The foregoing features and advantages of the present invention will be apparent from the following more particular description of the invention. The accompanying drawings listed hereinbelow are useful in explaining the invention where:
FIG. 1 is a sketch depicting the inventive intrusion alarm system in an operating environment;
FIG. 2 is a schematic diagram of an ultrasonic transmitting circuit; and
FIG. 3 is a schematic diagram of a receiving circuit in accordance with the invention.
FIG. 1 is a sketch indicating the operation of the inventive intrusion alarm system 11. System 11 includes a transmitter 12 (see FIG. 2) including an ultrasonic energy transducer 14, of a suitable known type, arranged to transmit in a conical pattern as indicated by the dashed lines in FIG. 1 to blanket a selected area of surveillance. In one embodiment, transmitter 12 transmits ultrasonic energy at a frequency of 40 khz. A receiver 15 (see FIG. 3) including a transducer 16 similar to transducer 14 detects reflected sonic energy which is modulated by the movement of an intruder in the area of surveillance.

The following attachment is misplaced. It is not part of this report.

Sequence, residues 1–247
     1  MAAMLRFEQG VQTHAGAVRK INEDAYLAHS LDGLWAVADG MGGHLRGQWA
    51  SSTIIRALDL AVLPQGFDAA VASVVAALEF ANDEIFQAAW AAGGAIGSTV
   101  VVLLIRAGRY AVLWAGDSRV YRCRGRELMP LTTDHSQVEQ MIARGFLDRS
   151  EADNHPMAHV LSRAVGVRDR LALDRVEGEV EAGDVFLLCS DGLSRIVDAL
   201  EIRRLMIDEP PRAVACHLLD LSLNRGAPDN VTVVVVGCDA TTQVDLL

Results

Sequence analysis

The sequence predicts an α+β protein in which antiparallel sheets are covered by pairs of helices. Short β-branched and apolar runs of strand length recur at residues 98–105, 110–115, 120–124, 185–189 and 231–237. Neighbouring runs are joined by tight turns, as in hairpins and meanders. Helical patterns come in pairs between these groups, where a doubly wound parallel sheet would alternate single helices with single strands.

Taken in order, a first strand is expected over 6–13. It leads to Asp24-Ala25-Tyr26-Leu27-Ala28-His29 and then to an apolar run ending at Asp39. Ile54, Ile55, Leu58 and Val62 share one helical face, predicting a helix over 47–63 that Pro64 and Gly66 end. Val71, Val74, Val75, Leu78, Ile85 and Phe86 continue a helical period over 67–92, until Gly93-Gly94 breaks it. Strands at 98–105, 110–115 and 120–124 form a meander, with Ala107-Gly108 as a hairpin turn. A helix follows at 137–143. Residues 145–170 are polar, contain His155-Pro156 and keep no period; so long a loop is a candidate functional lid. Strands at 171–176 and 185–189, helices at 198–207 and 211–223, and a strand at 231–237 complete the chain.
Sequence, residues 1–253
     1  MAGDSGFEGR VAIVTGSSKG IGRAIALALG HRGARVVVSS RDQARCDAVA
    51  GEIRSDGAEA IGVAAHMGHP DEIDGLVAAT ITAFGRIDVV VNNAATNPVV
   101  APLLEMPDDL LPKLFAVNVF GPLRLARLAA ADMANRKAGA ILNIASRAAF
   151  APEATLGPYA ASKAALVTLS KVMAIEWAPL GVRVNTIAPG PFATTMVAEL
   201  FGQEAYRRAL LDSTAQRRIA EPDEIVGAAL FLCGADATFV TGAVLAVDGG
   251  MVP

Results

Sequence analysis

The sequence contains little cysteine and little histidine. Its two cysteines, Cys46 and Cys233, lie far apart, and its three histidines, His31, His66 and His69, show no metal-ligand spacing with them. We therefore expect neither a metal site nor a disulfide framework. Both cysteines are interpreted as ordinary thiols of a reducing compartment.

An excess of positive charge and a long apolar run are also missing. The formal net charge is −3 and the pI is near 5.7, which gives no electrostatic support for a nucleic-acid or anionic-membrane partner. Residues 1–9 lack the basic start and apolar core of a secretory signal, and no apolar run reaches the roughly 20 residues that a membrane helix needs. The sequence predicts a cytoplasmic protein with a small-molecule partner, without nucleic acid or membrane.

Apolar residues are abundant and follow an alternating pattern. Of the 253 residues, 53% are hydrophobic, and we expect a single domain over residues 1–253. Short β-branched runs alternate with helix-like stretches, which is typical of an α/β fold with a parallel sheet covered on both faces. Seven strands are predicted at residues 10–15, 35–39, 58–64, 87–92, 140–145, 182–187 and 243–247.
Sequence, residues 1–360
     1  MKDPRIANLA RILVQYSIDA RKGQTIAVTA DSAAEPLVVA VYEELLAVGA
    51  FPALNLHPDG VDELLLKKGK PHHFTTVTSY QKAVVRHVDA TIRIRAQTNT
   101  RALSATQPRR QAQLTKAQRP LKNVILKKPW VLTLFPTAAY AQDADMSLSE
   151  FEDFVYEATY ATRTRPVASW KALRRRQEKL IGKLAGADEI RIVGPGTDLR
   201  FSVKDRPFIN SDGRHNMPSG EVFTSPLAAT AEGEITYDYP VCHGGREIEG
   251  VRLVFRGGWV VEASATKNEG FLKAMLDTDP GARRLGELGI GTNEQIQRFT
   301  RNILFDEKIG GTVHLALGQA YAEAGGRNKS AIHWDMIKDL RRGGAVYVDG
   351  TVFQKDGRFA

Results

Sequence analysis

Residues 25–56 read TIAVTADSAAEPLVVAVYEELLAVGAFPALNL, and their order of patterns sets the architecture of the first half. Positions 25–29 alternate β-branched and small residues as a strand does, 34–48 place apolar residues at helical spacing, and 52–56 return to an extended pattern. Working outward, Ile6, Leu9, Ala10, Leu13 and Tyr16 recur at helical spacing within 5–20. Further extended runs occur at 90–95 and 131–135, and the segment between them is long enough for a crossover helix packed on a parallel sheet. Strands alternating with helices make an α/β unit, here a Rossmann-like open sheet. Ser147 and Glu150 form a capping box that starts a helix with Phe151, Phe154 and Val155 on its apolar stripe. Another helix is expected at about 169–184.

Initially, the circuitry of FIGS. 2 and 3 is turned on by plugging to an AC outlet indicated at 30 in FIG. 3. A manual switch 31 is then turned on to couple energy through the primary winding of transformer 32 to secondary windings 33 and 34, the respective diode bridges 35 and 36, and associated circuitry to provide a regulated (+V) +12 volts through a suitable voltage limiter to power the solid state circuitry of FIGS. 2 and 3, and an unregulated (+B) +12 volts to power the alarm speaker horn 40, as will be explained. An LED indicator lamp 37 is coupled to the diode bridge 35 to indicate a poweron condition.
Power from the AC line is also coupled through lead 47 to stationary contact 42 of a known type relay 41. The coil 43 of relay 41 is normally not energized and the connection from the AC power line to contact 42 is thus effectively open. Block 45 depicts a connection to the socket or sockets of the house lights or lamps. As will be explained, whenever coil 43 of relay 41 is energized, movable arm 49 of relay 41 is actuated to contact stationary contact 42 to connect power from AC outlet 30 through leads 47 and 48 to connection block 45 to energize and light the associated house lights or lamps indicated as 80.
The circuit of FIG. 3 may also be electrically coupled to an auxiliary coupling device 81, of suitable known type, which can couple a control signal through the power line, and in conjunction with an associated known type receiving unit, not shown, energize and light a light in an adjacent i.e. neighboring house.